What could you do to protect yourself and your property?
Try to do your homework.
What should you ask your renovator/contractor for questions?
Ask first if your renovator/contractor can show you if they are licensed and if with this licence they can carry out full bathroom renovations. Ask also if they have a builder’s license to carry out structural changes?
If your contractor has not a builders licence or has a plumbers or tilers licence only, you should think twice before going further. A bathroom renovation is not just drawing a couple of squares and circles on a piece of paper.
In the event your renovator will say I am not a licenced builder but I will get a builder in to do the structural work it sounds like a solution. If you agree with that scenario have you thought about with which person you really have a contract and who is responsible when something goes wrong? Would you take that risk?
When your renovator/contractor does not understand the fundamentals of how to build a home you could end up with a lot of damage. Typical the bathroom looks sort of okay when you have just paid the final account. Unfortunately the problems start to show between very soon or at a later stage.
It is usual the work you don’t really see that will start the nightmare.
Most people know about leaking bathrooms but what about the next examples!
- A bracing is in the way for some plumbing pipes or a recessed shave cabinet and the bracing is just cut out and not replaced. It is pure madness.
- I was the 3rd person to visit a customer. The request was to extend the existing bathroom out onto the veranda with a big spa bath on the veranda section. When I discussed the different live load for the veranda construction the customer informed me that the 2 previous renovators did not discuss this issue and did not even look at it. This would be a disaster waiting to happen.
- A so called designer showed a plan to me where the existing bathroom and a room next to it had different ceiling height levels. The proposed plan showed both ceilings at the same level of the higher ceiling. It turned out that she the designer had not noticed that the roof construction has to be reconstructed at an enormous cost. You really wonder, don’t you?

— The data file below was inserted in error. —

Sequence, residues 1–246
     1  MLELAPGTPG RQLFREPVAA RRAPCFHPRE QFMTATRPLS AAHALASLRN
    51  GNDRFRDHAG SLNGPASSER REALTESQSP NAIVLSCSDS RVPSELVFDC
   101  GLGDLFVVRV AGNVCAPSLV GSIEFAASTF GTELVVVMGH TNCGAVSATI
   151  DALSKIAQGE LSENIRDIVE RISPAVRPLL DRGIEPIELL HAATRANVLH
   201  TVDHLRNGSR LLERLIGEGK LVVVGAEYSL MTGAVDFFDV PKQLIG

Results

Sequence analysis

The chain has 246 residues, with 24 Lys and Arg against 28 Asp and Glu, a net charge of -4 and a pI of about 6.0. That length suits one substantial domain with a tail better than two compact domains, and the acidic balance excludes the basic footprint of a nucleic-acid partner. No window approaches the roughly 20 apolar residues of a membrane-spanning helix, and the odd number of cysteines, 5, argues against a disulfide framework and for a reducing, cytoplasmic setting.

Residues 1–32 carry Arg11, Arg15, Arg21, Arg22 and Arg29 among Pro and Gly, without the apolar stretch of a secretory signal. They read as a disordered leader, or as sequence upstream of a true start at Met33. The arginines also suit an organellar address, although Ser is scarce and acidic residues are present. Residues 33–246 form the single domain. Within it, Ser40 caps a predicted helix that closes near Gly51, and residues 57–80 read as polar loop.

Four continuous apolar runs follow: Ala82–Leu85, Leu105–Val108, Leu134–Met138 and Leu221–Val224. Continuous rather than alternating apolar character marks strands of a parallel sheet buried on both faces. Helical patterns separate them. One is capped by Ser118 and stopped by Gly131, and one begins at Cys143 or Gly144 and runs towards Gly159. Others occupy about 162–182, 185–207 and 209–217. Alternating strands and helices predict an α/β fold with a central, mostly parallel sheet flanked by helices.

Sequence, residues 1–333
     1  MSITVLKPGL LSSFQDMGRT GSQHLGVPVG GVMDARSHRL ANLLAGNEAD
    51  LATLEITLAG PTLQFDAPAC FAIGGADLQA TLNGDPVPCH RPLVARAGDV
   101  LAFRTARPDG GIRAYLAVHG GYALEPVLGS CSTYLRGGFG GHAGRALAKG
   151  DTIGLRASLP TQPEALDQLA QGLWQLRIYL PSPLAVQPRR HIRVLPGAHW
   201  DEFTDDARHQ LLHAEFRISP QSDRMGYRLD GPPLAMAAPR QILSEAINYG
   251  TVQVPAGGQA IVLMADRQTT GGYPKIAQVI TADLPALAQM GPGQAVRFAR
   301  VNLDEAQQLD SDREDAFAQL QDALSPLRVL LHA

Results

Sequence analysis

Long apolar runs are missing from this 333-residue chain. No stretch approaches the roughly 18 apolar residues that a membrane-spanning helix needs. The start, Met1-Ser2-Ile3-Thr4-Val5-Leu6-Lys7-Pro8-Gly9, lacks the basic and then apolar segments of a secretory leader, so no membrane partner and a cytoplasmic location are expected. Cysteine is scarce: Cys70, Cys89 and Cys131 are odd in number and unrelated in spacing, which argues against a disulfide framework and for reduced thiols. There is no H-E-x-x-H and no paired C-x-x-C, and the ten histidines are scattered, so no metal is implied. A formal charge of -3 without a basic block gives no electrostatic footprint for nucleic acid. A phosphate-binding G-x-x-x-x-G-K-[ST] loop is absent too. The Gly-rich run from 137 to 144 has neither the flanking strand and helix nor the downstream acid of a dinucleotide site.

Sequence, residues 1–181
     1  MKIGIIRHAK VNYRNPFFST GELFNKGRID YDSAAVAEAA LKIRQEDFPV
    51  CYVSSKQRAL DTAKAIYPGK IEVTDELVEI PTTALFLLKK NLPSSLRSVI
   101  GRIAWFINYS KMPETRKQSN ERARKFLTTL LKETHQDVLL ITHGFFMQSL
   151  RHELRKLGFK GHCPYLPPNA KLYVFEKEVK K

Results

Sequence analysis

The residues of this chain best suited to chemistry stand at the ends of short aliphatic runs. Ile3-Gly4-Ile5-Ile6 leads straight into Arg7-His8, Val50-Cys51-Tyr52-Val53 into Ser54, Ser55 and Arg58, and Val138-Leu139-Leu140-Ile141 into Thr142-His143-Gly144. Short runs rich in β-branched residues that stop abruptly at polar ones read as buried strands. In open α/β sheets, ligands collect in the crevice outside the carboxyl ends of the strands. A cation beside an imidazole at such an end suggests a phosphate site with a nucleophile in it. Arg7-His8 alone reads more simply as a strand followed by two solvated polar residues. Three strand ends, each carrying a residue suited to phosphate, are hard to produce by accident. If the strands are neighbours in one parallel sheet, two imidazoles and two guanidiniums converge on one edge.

- When I discuss with customers where safety glass is mandatory in a bathroom or ensuite I get the reply that other renovators have not discussed this or it is not in their quote. All is well until an accident happens and then the ball starts rolling.
- Do you know that where waterproofing is required could have a lot to do with the type of shower screen you select? If you don’t know you are not alone as a lot of renovators it appears do not know either.
When your renovator does not know the answers to the above issues you should think twice before going any further.
Your renovation project will not be covered under the Queensland Building Construction Commission (QBCC) Insurance scheme when using contractors who are not qualified to do the work. In fact most of those renovators will not and cannot insure the work anyway.
When the contract sum is more than $ 3,300.00 (including GST) it is compulsory for the contractor to pay the QBCC Home Warranty insurance premium.
How do you know if your job is insured? You the owner will receive a letter from the QBCC confirming that your job is insured. If you do not get that letter, well what can I say?
How long will you be insured for under the QBCC home warranty insurance? Is it for 6 years and 3 months or for 6 years and 5 months or for 6 years and 6 months? Amazing how it appears it depend on the renovator you talk to. This is another issue to think about.
If you are not satisfied with the answers of your contractor, ring the QBCC phone 1300 272 272 and check what your renovator/contractor is allowed to do for work. Such a simple phone call could protect you against possible future costly nightmares.
What type of contract should be used?
Be very care full before you sign any quotes/contracts that are not approved and comply. E.G. one single A4 sheet with a couple of sentences and a price will most likely not protect you. Projects with a contract price of more than $ 3,300.00 must comply with the Domestic Building Contracts Act 2000.
Make sure a proper contract is used e.g. of the QMBA (Queensland Master Builders Association) or the QBCC (Queensland Building Construction Commission).
We will also give you a Master Builders Contract information statement which is a customer guide.
Why are those contracts so important?
They explain the rights and the obligations of the contractor and the customer. It informs you how much deposit you have to pay, (10% could be too much) how long the job will take to complete and many more important issues to protect yourself.
No time to do your homework?
When you feel not comfortable to ask your renovator the above suggested questions and or you have no time to sort out all the complicated issues than we suggest you go to our section with testimonials and go with a business where the people know what they do and who you can trust.